In an interview with this reporter, Segal said some people have suggested the campaign snubbed his paper because he had made a $1,000 contribution to the Clinton campaign. But he said the contribution was for the price of a ticket to a campaign event that he attended for information gathering purposes, and that he disclosed the fact in the newspaper. In an editorial accompanying the blank page and Clinton interview April 3, Segal said he believes Obama 'would rather talk at the LGBT community than with it' and suggested the move could be strategic.
'The local gay press is to our community what churches are to the black community,' wrote Segal, saying that, collectively, 'the local gay press now has a national weekly audience of some 2.2 million readers, not including our Web sites.' He also noted that Obama has granted interviews with a Philadelphia sports radio station, Christianity Today and the French magazine Paris Match. Segal suggested Obama's snubbing of the gay press could be an indication of his desire to 'move to the center' politically.
Campaign spokesman LaBolt said the Advocate interview was scheduled 'before that editorial ran' and that the senator is 'having an ongoing conversation with the LGBT press … through op-eds, events and interviews, and will continue to.' The Obama campaign has also, in recent weeks, purchased advertising in several gay newspapers in recent weeks, although not, as of this week, in Pennsylvania's largest gay newspaper, Philadelphia Gay News.
Advocate News Editor Kerry Eleveld, who conducted the interview for The Advocate, said the campaign made no restrictions on what she could ask and did not seek to determine what her questions would be ahead of time. She said had been in regular communication with various Obama campaign personnel for some time, seeking an interview and got the sense, in recent weeks, that it was seeking an outlet for an interview. She said the campaign called her last Thursday 'around noon' to arrange for the interview Monday.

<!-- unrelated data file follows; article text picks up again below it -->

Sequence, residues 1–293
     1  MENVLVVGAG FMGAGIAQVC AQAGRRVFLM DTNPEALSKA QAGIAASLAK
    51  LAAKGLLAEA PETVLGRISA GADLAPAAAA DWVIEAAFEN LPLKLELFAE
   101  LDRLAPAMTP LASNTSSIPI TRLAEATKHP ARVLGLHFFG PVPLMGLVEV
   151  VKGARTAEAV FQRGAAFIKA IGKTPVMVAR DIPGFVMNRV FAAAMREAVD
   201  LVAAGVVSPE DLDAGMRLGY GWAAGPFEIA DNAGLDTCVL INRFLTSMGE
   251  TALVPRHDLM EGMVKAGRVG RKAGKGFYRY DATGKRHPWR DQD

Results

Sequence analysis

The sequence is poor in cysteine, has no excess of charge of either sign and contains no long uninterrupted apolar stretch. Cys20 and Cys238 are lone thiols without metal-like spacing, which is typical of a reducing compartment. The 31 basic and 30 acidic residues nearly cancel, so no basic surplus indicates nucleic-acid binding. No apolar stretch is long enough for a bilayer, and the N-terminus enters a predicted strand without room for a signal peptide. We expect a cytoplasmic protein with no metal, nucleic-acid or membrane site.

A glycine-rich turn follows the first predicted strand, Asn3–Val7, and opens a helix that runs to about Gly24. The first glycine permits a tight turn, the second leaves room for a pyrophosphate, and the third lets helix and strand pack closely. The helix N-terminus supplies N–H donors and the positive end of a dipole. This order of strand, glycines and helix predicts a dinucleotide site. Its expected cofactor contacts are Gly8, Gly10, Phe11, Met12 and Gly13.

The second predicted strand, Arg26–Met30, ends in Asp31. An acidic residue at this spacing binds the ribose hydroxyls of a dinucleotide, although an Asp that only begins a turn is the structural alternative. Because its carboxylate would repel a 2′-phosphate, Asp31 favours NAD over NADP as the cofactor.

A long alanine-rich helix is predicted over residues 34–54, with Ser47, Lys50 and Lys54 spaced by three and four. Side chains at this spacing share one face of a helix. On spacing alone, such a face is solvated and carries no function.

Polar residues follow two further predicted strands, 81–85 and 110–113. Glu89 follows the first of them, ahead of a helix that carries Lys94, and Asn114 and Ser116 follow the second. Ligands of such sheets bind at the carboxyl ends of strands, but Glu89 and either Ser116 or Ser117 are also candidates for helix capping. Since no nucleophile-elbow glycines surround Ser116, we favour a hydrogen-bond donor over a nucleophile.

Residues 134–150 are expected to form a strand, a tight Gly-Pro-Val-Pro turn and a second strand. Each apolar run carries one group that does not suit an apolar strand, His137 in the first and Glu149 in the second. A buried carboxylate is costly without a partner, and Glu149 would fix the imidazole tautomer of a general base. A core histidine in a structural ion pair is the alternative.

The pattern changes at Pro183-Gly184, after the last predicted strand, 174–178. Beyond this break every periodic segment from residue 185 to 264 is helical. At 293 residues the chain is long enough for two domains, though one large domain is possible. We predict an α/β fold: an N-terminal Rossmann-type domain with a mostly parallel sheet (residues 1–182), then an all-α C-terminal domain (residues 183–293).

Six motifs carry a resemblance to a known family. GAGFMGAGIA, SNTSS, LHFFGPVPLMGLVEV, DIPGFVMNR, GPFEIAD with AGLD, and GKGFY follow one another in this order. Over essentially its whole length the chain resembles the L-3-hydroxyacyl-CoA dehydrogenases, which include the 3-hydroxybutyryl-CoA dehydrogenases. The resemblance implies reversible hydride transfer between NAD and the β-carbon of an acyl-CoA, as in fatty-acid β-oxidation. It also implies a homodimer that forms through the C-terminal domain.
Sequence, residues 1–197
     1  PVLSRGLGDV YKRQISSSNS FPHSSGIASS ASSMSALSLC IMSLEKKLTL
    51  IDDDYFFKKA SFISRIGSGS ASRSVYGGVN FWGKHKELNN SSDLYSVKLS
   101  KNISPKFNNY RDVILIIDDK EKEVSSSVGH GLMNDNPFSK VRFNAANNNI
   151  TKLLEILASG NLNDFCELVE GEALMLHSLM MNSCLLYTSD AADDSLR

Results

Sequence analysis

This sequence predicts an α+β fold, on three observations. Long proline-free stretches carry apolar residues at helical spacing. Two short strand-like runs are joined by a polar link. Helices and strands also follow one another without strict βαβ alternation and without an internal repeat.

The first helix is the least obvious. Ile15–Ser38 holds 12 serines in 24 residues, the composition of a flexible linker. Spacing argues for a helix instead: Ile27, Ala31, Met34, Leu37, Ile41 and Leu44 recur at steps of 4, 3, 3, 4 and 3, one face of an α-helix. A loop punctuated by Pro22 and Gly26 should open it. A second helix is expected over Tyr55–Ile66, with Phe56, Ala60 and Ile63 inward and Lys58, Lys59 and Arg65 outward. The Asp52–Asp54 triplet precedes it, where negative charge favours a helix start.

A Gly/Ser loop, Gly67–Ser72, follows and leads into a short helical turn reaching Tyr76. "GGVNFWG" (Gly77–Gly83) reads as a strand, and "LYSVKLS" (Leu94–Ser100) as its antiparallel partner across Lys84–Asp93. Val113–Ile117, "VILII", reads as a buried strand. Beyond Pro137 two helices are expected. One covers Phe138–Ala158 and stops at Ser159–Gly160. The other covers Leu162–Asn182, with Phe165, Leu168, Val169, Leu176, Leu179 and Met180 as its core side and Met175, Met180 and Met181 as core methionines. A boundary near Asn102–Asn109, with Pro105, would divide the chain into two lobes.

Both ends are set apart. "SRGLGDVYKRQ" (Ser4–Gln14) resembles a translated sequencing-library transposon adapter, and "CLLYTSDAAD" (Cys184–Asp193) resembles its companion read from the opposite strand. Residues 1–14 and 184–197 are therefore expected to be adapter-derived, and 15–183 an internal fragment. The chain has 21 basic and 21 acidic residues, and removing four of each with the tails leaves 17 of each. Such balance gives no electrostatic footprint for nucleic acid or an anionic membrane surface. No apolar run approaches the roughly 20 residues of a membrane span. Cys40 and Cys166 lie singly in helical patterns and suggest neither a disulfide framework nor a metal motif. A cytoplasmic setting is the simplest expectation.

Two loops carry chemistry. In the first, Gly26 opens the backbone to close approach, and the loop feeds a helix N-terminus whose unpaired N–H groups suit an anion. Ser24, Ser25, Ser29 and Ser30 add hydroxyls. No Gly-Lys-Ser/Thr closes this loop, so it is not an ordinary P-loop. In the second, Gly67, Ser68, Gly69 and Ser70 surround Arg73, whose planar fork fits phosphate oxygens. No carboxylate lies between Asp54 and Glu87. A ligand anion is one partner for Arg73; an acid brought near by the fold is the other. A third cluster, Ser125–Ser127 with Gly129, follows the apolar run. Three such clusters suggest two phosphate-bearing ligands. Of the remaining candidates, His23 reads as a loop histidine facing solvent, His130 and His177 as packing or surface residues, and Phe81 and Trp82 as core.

The Advocate interview itself leads off with questions about the perceived snub, saying that Obama has been 'weathering a small storm lately in the LGBT community for being too tight-lipped with gay and lesbian news media.'
Referring to the April 7 interview with The Advocate, editor Eleveld says: 'Some may call the chat a shrewd political move made by the Obama camp ahead of the April 22nd Pennsylvania primary. We call it access.'
In that interview, Obama said 'I don't think it's fair' to say he has had a campaign of 'silence' with respect to the gay press and 'I haven't been silent on gay issues.'
'I actually have been much more vocal on gay issues to general audiences than any other presidential candidate probably in history,' noted Obama. He noted the campaign tends 'not to do a whole bunch of specialized press.'
'We try to do general press for a general readership,' said Obama.